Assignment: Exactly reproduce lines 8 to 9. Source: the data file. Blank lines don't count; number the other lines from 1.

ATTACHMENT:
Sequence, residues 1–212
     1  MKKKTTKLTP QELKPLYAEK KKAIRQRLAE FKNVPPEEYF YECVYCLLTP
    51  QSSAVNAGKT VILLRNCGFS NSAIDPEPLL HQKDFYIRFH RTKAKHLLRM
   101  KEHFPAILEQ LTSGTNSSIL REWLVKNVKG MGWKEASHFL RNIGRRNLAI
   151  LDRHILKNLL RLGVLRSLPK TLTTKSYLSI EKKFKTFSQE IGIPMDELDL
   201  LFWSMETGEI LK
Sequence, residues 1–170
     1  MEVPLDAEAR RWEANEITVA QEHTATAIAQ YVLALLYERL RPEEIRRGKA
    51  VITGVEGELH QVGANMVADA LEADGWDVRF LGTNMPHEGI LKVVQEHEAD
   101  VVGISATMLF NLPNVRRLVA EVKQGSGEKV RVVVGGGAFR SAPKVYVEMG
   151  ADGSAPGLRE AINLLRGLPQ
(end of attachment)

     1  MEVPLDAEAR RWEANEITVA QEHTATAIAQ YVLALLYERL RPEEIRRGKA
    51  VITGVEGELH QVGANMVADA LEADGWDVRF LGTNMPHEGI LKVVQEHEAD